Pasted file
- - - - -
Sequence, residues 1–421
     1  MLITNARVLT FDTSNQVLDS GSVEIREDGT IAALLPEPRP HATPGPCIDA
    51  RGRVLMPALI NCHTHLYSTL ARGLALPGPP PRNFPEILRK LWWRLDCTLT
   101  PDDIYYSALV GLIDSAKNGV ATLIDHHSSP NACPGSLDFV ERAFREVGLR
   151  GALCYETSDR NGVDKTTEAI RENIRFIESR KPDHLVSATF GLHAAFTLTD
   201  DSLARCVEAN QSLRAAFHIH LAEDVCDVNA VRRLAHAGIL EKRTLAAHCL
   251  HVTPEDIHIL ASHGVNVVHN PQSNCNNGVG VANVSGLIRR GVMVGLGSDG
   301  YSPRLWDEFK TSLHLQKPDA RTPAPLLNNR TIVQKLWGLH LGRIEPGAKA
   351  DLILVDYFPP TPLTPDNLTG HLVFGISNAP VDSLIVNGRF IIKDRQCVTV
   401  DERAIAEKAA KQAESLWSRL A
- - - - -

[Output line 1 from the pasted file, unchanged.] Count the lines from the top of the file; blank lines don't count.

Sequence, residues 1–421